The real reason we think plastic surgery is just boob jobs and tummy tucks

Be honest. What’s the first thing you think of when you hear the words “plastic surgery?” Breast implants? Nose jobs? Or maybe you’ll think about one of the numerous television programs out there that have featured the discipline: “Nip/Tuck?” “Botched?” “Grey’s Anatomy?”

If so, you aren’t alone. Plastic surgery as a discipline is poorly understood by many, including primary care physicians, nurses, medical students and the public. Plastic surgeons perform many different reconstructive and aesthetic procedures. Many aren’t always familiar with the breadth of practice within the discipline; it is perceived largely as cosmetic, and the reason for these commonly held misconceptions has not yet been well-studied.

I recently led a project on how medical students view the discipline of plastic surgery. Myself and my co-authors designed a survey that we sent to 231 medical students. We asked them which specialty was most appropriate to deal with a variety of medical conditions, most of which would generally fall under the purview of a plastic surgeon. These included brachial plexus injuries, correction of congenital craniofacial abnormalities, ectropion repair, hand fractures, breast reconstruction and burn care. Several non- plastic surgery conditions were included (e.g., inguinal hernia, shoulder dislocation) in an attempt to blind the respondents to the nature of the question.

We also conducted two focus groups of medical students, asking them where they got their information about plastic surgery from. We asked them several open ended questions like: What do you think plastic surgeons do? Where did you learn that? What medical television shows do you watch? How much of your influence comes from television?

Our results proved interesting. It is clear that medical students have a skewed perception of the discipline of plastic surgery, and this is largely influenced by television. While the survey participants were generally aware that plastic surgeons perform cosmetic procedures and treat burns, they were largely unaware that plastic surgeons operate on bones of the hands and face. Focus groups revealed that television plays a large role in shaping their ideas of plastic surgery.

While 93 percent of the survey participants knew that plastics surgeons treat third-degree burns, only 40 percent of participants knew that plastic surgeons treat pressure ulcers. Only 15 percent of students thought that plastic surgeons were the appropriate specialist to be referred to for orbital floor fractures (fractures of the bone beneath the eye).

In our focus groups, we asked participants what they thought of when they heard the words plastic surgery. Immediate emerging themes were Hollywood, television and cosmetics. Within the first minute of both sessions, a discussion of popular television programming featuring plastic surgeons ensued without any specific prompting questions. Across both focus groups, students followed programs such as “Grey’s Anatomy,” “Nip/Tuck,” and “The Swan.” By far, the most popular was Grey’s Anatomy. A total of 95 percent of medical students had seen at least one episode of Grey’s Anatomy and 75 percent had seen at least three seasons of the series. The potential for such programming to influence perceptions is enormous.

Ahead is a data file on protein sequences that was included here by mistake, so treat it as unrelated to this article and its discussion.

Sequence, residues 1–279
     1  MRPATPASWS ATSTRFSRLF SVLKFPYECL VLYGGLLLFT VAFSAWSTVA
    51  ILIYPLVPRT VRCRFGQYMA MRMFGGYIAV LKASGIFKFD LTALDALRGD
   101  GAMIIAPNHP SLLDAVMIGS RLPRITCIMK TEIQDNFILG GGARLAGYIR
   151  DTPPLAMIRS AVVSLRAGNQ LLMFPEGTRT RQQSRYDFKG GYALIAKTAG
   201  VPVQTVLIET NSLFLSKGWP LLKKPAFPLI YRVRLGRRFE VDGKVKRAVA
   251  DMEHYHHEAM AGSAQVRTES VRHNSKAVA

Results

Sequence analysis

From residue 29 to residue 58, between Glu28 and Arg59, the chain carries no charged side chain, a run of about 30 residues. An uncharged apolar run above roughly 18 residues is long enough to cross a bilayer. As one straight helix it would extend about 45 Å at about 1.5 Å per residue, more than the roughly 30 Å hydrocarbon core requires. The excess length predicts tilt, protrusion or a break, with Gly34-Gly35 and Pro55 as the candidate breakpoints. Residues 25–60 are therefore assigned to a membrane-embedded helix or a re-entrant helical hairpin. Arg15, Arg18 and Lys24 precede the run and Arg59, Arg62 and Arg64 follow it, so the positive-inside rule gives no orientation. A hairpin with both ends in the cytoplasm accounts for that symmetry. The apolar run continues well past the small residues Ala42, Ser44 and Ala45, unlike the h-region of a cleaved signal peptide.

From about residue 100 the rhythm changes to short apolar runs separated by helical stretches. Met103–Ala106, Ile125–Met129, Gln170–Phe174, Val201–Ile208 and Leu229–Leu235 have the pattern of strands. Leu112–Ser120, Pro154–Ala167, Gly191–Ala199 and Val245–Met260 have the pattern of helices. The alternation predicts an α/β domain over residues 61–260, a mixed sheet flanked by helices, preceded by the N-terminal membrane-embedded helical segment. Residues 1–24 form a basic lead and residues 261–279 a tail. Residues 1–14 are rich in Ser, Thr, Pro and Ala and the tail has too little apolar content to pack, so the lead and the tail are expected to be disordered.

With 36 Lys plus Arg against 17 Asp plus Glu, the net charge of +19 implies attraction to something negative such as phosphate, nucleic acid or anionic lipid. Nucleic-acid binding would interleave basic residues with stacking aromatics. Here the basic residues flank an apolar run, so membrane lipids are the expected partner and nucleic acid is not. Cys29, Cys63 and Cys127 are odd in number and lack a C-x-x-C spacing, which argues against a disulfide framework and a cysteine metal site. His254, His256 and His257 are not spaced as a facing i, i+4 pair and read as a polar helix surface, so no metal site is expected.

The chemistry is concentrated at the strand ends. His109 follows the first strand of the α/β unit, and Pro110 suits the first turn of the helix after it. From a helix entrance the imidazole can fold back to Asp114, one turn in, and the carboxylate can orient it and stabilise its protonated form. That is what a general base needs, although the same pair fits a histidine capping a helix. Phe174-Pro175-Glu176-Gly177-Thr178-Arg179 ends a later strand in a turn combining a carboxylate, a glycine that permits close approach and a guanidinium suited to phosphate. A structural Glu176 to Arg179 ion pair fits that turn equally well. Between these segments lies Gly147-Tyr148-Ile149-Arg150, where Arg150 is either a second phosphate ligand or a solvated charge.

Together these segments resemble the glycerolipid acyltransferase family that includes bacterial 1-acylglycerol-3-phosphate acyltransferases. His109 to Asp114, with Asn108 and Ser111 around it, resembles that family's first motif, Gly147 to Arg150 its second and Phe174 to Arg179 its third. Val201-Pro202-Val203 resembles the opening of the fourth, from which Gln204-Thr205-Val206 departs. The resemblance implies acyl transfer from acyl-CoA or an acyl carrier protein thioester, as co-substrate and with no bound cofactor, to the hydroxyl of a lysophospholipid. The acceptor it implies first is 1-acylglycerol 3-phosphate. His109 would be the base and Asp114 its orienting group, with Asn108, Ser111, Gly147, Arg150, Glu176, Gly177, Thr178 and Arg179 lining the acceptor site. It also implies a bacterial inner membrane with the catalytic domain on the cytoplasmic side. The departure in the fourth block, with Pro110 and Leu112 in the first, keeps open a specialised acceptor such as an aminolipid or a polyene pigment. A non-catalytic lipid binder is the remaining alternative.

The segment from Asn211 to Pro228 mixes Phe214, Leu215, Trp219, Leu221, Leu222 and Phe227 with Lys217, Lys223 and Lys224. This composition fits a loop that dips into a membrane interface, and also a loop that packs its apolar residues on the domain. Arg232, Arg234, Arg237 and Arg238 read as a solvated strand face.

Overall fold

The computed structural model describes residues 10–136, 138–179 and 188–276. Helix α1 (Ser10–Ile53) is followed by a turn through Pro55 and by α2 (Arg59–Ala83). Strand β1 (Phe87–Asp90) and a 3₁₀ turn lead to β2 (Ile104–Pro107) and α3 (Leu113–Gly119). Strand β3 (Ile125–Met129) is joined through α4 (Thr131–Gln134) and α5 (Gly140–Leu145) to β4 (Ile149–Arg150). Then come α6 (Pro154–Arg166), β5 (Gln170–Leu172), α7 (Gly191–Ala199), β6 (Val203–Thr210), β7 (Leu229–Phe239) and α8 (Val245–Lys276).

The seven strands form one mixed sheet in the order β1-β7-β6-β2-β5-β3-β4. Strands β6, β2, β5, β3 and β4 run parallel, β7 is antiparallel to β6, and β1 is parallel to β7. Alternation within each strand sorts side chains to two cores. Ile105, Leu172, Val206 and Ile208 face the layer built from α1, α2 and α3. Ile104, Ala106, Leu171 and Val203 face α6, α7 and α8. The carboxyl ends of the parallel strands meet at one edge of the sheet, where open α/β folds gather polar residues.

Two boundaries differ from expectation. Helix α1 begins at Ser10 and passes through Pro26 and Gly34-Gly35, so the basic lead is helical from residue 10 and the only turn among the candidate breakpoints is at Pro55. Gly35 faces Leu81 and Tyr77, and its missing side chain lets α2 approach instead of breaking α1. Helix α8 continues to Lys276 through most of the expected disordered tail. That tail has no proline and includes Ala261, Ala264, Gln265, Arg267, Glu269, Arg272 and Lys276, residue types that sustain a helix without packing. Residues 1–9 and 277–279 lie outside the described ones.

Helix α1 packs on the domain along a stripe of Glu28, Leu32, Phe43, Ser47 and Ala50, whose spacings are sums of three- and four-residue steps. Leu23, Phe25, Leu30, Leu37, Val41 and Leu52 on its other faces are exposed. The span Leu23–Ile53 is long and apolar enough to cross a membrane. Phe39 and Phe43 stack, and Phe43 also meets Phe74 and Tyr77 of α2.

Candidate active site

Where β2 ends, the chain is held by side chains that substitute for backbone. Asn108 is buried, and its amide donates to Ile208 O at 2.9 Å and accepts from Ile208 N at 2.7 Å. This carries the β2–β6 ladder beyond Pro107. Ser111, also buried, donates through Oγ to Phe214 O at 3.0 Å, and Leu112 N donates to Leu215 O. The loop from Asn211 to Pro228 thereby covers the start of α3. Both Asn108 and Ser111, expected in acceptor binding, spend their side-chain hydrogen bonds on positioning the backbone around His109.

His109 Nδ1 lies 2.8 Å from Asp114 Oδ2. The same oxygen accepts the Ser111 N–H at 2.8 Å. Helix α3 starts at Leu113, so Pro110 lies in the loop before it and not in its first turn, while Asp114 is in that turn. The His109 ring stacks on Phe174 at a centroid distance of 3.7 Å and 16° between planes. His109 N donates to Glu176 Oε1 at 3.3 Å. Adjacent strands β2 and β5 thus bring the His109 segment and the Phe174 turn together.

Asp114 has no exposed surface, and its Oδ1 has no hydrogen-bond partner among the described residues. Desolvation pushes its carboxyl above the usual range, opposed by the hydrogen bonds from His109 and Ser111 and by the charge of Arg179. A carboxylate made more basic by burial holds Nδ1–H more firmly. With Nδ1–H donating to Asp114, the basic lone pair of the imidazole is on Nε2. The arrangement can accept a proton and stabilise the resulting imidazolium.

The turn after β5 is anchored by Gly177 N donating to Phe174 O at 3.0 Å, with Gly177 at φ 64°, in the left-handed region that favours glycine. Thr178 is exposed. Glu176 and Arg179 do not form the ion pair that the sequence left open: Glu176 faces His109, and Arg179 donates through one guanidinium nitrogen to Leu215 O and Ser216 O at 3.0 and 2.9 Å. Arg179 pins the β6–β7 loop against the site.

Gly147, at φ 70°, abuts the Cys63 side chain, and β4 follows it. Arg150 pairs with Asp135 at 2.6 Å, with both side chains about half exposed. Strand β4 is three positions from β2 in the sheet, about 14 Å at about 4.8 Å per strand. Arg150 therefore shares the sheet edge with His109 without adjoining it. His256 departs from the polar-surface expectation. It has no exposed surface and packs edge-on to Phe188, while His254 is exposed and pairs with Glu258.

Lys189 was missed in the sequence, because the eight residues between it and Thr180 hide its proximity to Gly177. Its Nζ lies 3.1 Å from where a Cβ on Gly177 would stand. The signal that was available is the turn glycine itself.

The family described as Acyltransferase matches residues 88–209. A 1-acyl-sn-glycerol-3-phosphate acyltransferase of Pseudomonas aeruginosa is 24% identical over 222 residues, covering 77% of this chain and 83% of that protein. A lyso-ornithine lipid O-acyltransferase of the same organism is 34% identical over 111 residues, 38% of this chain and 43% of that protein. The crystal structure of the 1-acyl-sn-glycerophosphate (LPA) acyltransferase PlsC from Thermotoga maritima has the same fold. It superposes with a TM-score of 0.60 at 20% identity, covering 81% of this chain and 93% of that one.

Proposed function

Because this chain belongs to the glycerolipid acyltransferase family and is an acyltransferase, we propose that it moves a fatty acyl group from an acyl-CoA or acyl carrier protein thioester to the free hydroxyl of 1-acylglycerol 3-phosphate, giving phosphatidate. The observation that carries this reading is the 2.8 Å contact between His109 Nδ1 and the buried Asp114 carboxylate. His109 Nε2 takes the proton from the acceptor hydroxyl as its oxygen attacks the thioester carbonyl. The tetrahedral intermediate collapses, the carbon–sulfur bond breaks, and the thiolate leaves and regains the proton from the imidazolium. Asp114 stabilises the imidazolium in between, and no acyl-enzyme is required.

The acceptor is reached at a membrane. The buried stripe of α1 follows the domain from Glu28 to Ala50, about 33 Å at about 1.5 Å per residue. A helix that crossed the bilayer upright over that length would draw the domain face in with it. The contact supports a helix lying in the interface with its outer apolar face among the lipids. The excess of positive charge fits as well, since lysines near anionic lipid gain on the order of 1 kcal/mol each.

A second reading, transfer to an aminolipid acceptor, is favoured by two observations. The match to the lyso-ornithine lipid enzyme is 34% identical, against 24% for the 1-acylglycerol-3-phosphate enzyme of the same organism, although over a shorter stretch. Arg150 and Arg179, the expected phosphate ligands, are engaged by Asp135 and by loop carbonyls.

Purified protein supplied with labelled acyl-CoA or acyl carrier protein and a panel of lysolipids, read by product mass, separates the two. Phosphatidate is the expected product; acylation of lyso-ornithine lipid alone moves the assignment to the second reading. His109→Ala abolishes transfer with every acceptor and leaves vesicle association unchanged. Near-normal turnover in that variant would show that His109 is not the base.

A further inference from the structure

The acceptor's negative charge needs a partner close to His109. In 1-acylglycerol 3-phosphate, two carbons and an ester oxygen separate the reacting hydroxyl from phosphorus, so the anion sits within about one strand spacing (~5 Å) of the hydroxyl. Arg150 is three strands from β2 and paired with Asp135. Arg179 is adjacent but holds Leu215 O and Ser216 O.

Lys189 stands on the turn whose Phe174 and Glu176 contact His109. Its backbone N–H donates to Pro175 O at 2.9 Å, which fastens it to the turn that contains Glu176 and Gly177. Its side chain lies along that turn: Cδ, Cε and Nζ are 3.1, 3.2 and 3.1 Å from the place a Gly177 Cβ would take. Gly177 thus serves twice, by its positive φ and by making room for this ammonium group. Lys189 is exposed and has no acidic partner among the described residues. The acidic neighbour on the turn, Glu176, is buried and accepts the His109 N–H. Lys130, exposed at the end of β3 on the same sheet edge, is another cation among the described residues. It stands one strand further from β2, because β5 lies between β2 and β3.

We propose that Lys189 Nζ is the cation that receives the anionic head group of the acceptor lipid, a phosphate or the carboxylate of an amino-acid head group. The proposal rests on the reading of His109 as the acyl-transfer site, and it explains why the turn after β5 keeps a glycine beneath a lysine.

Using media as a tool to promote more accurate and progressive images of medicine is not a novel concept. Dr. Ron Stewart, former Minister of Health in the province of Nova Scotia, Canada, used the power of television to influence social change on a large scale. Although working as a physician in a Los Angeles emergency department in the 1970s, he also served as a consultant for the popular medical television program “Emergency!” It was one of the first medical television programs and a precursor to ER. He was the main medical consultant for the show and helped to create a fictitious medical model that resembled the model he envisioned for a real-life emergency medical system.

The program, which premiered as an authentic television series in 1972, featured paramedic units working for the Los Angeles County Fire Department providing emergency services. At the time, North America was home to few such units, but in the ten years that followed, prehospital care delivered by paramedics became the norm; the EMS Act was passed by the U.S. Congress in 1973. The television program had laid the groundwork for Dr. Stewart’s vision of emergency medicine.

Arguably, a similar approach could be taken to help educate the public about plastic surgery. One study highlighted a documentary following plastic surgeons performing cleft palate surgeries in Pakistan, and how that improved awareness of the positive impact that plastic surgeons can have on people and their quality of life. We agree that there is a need for more media productions, such as this, that portray plastic surgery in a positive light. However, the current norm in the media continues to focus on cosmetics. The 2014 reality television series, “Botched,” features a famous Los Angeles-based plastic surgeon who focuses on correcting former “botched” plastic surgeries, with additional plastic surgery. Cosmetic surgery is a core component of plastic surgery, but the current representation of plastic surgery in the media is so one-sided that it has resulted in serious misconceptions about the discipline, which could affect funding patterns and political decisions.

Conclusion? Plastic surgery is more than simply breast implants and nose jobs. This study highlighted the tremendous effect that media can have on shaping our views, even in fictitious entertainment programming.

Sarah Fraser is a general practitioner who blogs at Sinus Rhythm.

Image credit: Shutterstock.com 

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